4: Monkey Island - Joey is being kidnapped.
5: Fairy Castle - The fairy queen invites our friends.
6: Treasure Hunt - A secret treasure map is inviting to a memorable hike.

These illustrated cat stories are all about Oliver & Jumpy, who are best of friends and experience many adventures together.  Oliver is an elegant black tomcat, who is full of himself.  As a matter of fact, he says: "I love myself!" quite often.  Naughty, isn't he?  But his best friend Jumpy, a kangaroo lady, is aware that it is only a front!  Oliver has a soft heart and will always want to help others.  The great thing is Jumpy's pouch, which Oliver loves to ride in!  He calls her his kangaroo taxi!  These little bedtime stories with their lovely illustrations are great for small kids.  A parent can read the text and tell the child in his own words.  These animal stories have sufficient text to keep early readers happy and provide some educational value.  Depending on your device, there is pop-up text (at Amazon) or audio available.  Several talented illustrators are essential to bring these children's stories to you in quick succession.  Love you all!  Meow!

7: Winterland - Fun in the snow...
8: Baby Oliver - Yes, Oliver has been a baby, too!
9: Egging - Watch what hatches from a big egg.

These illustrated cat stories are all about Oliver & Jumpy, who are best of friends and experience many adventures together.  Oliver is an elegant black tomcat, who is full of himself.  As a matter of fact, he says: "I love myself!" quite often.  Naughty, isn't he?  But his best friend Jumpy, a kangaroo lady, is aware that it is only a front!  Oliver has a soft heart and will always want to help others.  The great thing is Jumpy's pouch, which Oliver loves to ride in!  He calls her his kangaroo taxi!  These little bedtime stories with their lovely illustrations are great for small kids.  A parent can read the text and tell the child in his own words.  These animal stories have sufficient text to keep early readers happy and provide some educational value.  Depending on your device, there is pop-up text (at Amazon) or audio available.  Several talented illustrators are essential to bring these children's stories to you in quick succession.  Love you all!  Meow!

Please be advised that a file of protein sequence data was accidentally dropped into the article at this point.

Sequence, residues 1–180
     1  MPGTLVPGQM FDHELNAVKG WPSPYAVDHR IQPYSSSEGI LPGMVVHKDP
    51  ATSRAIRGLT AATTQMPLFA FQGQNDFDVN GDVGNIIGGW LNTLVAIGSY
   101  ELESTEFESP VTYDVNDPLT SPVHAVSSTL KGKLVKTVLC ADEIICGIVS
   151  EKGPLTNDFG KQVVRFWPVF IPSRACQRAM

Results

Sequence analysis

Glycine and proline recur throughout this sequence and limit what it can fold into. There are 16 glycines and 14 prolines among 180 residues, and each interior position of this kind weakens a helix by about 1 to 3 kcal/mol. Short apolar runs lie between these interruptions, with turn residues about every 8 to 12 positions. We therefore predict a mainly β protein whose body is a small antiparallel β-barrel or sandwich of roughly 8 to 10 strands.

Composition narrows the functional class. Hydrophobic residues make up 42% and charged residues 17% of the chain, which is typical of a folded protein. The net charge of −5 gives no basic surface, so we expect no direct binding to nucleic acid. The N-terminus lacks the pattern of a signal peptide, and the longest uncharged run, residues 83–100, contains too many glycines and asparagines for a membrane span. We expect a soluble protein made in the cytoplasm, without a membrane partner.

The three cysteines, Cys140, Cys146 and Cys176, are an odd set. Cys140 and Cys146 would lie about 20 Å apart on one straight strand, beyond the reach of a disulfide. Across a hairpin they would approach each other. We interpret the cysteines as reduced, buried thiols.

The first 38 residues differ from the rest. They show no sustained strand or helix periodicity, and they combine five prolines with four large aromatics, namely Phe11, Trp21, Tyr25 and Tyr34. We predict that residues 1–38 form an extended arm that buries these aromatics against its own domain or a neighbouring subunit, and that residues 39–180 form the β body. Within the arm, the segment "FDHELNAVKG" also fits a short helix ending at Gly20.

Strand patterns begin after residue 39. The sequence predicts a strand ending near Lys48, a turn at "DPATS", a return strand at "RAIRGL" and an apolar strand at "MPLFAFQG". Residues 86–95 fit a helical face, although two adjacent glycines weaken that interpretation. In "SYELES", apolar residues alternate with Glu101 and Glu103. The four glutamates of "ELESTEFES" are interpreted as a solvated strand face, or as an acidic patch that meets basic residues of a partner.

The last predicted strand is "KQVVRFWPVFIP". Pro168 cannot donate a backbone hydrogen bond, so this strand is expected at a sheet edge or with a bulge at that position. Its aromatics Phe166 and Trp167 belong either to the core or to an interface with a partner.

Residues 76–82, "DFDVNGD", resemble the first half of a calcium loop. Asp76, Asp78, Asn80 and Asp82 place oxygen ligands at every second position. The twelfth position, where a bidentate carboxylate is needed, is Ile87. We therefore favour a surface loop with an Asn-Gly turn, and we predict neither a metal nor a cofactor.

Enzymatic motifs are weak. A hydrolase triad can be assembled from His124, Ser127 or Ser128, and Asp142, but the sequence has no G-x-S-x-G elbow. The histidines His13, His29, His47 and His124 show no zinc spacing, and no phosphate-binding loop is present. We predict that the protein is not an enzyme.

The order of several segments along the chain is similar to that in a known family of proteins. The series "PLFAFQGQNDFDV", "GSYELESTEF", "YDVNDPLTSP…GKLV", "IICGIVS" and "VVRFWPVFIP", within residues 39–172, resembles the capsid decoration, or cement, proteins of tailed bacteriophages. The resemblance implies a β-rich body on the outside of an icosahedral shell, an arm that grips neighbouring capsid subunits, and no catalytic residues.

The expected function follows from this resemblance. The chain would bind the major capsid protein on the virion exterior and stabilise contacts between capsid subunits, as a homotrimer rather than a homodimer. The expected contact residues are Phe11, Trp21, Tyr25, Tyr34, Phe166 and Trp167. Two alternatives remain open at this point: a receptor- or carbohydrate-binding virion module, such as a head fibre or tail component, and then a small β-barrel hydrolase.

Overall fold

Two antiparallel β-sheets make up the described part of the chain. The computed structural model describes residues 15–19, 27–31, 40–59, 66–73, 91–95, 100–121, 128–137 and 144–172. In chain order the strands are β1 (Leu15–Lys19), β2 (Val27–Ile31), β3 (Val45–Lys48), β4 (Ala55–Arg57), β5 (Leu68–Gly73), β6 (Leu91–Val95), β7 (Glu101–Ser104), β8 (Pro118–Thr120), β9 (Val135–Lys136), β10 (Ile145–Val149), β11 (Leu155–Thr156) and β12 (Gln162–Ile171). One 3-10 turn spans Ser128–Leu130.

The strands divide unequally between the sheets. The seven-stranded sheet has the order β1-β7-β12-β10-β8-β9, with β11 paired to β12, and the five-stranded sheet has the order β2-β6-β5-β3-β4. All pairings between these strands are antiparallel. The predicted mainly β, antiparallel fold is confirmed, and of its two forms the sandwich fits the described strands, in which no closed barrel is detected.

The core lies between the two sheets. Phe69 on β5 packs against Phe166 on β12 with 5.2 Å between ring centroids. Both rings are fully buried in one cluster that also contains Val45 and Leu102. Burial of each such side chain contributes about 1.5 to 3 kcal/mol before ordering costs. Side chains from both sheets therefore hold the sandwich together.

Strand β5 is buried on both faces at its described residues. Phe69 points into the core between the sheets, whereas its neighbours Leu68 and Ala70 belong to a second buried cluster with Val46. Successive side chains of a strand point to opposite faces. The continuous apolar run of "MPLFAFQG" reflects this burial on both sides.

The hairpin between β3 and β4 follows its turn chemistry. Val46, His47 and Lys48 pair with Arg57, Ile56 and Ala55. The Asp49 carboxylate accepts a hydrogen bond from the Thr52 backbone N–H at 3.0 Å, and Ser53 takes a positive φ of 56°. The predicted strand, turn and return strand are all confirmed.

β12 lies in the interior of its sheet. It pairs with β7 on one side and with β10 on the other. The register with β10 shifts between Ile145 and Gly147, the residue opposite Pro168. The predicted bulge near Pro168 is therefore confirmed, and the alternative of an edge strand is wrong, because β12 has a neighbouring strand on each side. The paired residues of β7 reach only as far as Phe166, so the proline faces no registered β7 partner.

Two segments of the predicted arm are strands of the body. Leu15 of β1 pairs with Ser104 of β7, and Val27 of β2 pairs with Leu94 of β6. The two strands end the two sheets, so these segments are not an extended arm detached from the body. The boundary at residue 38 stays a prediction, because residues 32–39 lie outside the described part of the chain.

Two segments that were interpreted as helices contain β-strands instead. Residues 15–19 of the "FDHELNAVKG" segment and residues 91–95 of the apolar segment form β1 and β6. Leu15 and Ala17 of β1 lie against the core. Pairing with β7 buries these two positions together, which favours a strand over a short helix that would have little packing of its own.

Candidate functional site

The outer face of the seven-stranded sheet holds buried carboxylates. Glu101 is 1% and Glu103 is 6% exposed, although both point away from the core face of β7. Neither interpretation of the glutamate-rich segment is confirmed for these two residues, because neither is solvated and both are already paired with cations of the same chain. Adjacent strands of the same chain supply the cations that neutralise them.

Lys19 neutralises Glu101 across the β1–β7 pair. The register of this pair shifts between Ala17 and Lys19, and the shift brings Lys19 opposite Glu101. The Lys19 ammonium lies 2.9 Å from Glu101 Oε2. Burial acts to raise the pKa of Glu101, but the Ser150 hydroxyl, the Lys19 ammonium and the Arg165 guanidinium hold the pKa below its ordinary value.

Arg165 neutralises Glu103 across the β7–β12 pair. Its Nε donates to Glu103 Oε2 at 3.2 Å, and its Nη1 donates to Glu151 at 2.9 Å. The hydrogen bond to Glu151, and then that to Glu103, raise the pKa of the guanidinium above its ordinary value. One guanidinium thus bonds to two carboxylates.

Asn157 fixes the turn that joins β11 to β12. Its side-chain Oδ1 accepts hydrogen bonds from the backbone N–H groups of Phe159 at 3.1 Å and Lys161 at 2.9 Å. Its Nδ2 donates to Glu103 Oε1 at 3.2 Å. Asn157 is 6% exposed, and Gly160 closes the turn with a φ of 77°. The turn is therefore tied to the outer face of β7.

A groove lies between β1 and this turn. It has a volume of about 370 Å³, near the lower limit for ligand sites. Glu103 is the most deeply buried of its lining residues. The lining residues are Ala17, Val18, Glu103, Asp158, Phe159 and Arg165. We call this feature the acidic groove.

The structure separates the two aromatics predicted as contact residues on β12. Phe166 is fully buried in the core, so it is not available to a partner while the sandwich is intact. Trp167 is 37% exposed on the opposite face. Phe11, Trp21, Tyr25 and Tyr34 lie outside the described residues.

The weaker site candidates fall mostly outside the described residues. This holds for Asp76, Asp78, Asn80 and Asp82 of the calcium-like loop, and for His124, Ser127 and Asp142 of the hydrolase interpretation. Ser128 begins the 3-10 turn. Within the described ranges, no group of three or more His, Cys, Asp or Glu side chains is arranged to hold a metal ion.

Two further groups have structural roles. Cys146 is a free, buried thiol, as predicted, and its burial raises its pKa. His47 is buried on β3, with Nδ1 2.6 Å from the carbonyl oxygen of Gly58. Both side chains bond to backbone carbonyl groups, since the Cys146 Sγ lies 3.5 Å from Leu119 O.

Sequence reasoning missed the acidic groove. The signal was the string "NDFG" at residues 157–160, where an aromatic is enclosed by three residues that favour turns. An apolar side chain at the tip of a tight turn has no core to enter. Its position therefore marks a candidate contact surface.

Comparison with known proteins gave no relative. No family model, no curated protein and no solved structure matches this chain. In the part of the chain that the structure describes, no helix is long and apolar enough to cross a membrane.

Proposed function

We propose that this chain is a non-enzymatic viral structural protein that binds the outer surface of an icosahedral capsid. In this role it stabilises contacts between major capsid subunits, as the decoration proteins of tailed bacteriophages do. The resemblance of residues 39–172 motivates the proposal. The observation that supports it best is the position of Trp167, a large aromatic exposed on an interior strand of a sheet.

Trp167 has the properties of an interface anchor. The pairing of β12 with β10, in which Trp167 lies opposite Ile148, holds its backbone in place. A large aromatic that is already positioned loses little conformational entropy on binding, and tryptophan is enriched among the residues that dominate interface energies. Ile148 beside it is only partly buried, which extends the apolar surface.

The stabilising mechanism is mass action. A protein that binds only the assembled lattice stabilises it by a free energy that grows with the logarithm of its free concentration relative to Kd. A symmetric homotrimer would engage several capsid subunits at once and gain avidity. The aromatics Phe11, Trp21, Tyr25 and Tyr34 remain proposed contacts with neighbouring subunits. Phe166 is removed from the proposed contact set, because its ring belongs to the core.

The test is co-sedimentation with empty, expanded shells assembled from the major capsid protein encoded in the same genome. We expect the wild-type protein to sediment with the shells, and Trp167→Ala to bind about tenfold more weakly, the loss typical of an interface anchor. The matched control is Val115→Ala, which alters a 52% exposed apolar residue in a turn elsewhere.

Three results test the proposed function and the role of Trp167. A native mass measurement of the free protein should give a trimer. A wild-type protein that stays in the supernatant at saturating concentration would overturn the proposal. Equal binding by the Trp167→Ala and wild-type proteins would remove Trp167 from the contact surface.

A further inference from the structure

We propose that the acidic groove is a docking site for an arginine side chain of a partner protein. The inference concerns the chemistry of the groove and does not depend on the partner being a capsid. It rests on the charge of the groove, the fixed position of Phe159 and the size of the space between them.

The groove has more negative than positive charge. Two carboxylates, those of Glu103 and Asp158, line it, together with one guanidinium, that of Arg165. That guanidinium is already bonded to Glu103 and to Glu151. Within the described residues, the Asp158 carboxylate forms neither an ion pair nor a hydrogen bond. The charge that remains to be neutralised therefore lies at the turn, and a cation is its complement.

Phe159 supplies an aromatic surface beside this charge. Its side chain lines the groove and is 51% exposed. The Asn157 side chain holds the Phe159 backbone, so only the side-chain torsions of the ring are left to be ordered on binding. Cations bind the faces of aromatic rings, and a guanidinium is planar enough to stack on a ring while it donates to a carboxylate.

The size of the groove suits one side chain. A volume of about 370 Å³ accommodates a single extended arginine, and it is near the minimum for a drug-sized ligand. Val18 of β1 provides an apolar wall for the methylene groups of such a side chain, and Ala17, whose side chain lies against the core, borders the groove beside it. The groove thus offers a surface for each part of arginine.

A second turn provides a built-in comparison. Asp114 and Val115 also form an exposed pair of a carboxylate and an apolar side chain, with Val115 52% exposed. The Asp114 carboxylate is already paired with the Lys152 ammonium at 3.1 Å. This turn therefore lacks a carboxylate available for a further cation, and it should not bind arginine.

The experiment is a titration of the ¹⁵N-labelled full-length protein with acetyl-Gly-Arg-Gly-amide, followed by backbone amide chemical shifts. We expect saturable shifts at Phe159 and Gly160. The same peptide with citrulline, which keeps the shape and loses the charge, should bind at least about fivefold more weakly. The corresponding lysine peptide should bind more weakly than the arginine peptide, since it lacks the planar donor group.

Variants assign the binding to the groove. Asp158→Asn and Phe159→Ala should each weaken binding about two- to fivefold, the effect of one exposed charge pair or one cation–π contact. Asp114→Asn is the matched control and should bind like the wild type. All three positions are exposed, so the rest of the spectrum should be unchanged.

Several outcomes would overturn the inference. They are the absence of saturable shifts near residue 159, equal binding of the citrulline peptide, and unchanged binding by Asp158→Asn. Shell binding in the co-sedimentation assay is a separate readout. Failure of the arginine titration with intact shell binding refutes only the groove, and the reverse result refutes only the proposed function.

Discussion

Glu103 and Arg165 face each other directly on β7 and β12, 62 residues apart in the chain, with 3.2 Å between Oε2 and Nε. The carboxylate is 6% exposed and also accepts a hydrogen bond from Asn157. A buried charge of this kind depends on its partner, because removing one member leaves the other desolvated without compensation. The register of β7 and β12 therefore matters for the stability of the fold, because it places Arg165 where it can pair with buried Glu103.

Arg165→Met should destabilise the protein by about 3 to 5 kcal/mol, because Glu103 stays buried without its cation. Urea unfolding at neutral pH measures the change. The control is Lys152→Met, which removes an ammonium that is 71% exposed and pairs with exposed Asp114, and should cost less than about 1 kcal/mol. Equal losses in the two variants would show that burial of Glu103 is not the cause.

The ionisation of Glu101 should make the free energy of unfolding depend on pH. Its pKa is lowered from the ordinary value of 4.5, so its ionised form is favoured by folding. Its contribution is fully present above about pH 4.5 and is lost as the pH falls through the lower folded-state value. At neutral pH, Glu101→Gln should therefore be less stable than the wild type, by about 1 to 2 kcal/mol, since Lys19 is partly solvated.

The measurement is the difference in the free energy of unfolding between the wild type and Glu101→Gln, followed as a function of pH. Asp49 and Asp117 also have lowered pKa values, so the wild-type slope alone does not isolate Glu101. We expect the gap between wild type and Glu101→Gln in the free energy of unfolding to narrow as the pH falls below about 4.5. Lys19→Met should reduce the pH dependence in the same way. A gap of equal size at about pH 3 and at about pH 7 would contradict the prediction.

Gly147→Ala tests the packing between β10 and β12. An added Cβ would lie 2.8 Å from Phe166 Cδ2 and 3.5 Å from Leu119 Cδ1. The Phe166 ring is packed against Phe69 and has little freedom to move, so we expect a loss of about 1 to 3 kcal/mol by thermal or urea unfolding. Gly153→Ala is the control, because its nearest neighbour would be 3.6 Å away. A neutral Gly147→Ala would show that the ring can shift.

10: Unhappy Dog - The friends make a dog very happy.
11: Kite High - Do you like to fly high in the air?
12: Butterfly Trouble - Jumpy frees many butterflies.